Lee's approach to the cello is more visceral than compositional - she's seemingly more interested in exploring the range of sounds she can produce from the instrument than sticking to something that can be written down in musical notation.  Her fingers slide rapidly down the strings producing sounds like ambulance sirens, and she holds the strings down at the very end to produce other effects that sound like bird songs. She plays with a furious intensity that, while certainly not anything one could call "rock" music or any of it's subgenres, would appeal to certain fans of thrash, metal, or extreme post-rock - in other words, Swans' fans.


It was a refreshing and bracing warm-up act.  Coincidentally, the last time we were at Terminal West, exactly one month ago - in fact the last show to which we've been - the opener was also a soloist on an instrument not traditionally the whole of a set, the drummer Majeure, opening for Black Mountain. Like Majeure, but also unlike him in so many other ways, Lee galvanized the audience and opened our minds for what was to follow.   


Swans came on stage at 9:30 sharp.  We got to Terminal West a little after 7:30 and were able to get a spot right up front at the center of the stage, arguably the spot spot in the house, and there wasn't even the usual security barrier separating the audience from the stage.  We watched the entire show maybe two feet away from Lee and Swans' frontman Michael Gira.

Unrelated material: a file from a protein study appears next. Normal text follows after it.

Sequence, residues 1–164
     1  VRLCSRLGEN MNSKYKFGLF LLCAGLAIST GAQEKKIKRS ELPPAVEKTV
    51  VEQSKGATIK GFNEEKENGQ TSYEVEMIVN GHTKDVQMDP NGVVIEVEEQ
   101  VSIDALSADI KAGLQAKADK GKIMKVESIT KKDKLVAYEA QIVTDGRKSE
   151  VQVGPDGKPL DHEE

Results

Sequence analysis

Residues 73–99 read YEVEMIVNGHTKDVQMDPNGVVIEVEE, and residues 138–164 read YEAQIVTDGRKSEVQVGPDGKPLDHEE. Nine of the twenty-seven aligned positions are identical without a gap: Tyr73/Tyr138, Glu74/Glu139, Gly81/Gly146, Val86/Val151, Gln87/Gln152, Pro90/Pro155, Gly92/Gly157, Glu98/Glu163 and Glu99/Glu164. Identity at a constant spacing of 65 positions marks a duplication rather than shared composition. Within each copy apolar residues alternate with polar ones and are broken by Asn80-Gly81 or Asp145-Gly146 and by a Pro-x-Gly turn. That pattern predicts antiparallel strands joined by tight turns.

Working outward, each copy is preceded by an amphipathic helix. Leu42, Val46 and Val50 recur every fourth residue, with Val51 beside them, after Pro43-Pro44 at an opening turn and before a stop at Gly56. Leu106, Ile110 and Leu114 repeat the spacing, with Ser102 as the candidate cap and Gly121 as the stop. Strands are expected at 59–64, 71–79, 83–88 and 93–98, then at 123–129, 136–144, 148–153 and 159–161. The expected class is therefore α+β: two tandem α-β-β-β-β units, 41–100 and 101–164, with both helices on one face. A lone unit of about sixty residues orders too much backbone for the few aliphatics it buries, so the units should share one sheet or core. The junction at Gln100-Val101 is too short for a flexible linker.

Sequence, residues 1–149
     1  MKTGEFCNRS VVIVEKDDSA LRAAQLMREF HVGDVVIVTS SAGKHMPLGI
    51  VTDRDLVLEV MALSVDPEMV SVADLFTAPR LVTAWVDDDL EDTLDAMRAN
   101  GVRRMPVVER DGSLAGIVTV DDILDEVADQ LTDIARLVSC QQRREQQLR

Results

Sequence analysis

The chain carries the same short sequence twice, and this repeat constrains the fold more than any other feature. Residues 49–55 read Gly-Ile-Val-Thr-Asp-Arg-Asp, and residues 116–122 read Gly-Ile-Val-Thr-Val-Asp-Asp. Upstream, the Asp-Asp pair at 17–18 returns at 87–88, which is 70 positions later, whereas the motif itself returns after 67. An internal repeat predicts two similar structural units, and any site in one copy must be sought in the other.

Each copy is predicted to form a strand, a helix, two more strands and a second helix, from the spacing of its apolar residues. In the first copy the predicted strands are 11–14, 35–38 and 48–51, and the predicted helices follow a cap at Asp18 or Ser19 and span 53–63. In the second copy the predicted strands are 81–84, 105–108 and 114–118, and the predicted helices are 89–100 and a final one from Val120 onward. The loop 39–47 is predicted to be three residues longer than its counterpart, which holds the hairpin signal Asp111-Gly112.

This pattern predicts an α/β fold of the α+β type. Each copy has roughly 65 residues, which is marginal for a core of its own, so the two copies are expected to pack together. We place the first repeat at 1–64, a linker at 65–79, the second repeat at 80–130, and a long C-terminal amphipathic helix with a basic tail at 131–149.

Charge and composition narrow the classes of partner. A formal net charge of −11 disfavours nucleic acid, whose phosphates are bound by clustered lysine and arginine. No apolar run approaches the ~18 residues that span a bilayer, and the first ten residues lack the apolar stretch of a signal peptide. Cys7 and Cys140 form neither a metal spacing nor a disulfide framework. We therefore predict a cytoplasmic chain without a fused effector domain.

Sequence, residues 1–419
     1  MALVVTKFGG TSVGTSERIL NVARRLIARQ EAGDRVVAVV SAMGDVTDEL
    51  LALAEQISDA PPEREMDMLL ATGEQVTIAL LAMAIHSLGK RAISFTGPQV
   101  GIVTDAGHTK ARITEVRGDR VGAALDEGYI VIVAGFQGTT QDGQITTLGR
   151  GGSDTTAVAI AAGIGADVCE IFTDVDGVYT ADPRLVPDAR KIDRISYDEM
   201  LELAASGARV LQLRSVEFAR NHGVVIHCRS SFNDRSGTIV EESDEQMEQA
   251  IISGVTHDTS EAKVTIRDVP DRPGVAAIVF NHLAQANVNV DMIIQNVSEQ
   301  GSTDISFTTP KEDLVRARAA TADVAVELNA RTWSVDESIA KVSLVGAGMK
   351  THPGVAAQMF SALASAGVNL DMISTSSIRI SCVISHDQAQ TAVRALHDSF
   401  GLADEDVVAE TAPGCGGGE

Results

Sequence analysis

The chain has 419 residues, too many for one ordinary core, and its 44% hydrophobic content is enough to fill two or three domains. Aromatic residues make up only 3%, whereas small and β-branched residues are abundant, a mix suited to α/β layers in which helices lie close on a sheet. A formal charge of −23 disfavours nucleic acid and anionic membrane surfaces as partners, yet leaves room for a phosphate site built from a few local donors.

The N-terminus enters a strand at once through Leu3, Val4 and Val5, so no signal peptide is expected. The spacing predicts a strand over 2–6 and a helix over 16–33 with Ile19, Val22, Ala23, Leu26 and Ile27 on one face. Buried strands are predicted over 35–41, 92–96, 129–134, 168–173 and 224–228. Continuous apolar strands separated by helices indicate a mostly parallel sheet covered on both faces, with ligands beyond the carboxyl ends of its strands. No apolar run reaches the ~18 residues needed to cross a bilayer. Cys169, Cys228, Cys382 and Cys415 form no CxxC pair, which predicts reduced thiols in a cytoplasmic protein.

Sadly, percussionist extraordinaire Thor Harris is not touring with Swans, although his playing is a prominent part of the new Glowing Man LP, as he is now pursuing his own, solo project (which comes to Eddies' Attic, of all places, October 15).  However, the band was augmented by keyboardist Paul Oakenfish, who backed opener Little Annie when Swans played Terminal West last year.

Swans opened with a new, or at least unrecorded (as far as I know) song, followed by Screen Shot from To Be Kind.  After these two openers, which by the way, lasted a combined 45 minutes, the band launched into The Glowing Man with the first two tracks from the new LP, Cloud of Forgetting and Cloud of Unknowing.  Those two songs took us to about 11:00 pm, when Gira had the other musicians clear the stage and brought out a special guest musician, former long-time Swans member Jarboe.